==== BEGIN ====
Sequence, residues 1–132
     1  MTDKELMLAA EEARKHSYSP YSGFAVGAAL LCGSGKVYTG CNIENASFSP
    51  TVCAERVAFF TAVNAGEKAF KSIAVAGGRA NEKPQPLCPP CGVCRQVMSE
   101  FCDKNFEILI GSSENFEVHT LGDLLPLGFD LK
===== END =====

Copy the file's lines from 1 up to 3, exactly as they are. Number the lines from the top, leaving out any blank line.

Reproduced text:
Sequence, residues 1–132
     1  MTDKELMLAA EEARKHSYSP YSGFAVGAAL LCGSGKVYTG CNIENASFSP
    51  TVCAERVAFF TAVNAGEKAF KSIAVAGGRA NEKPQPLCPP CGVCRQVMSE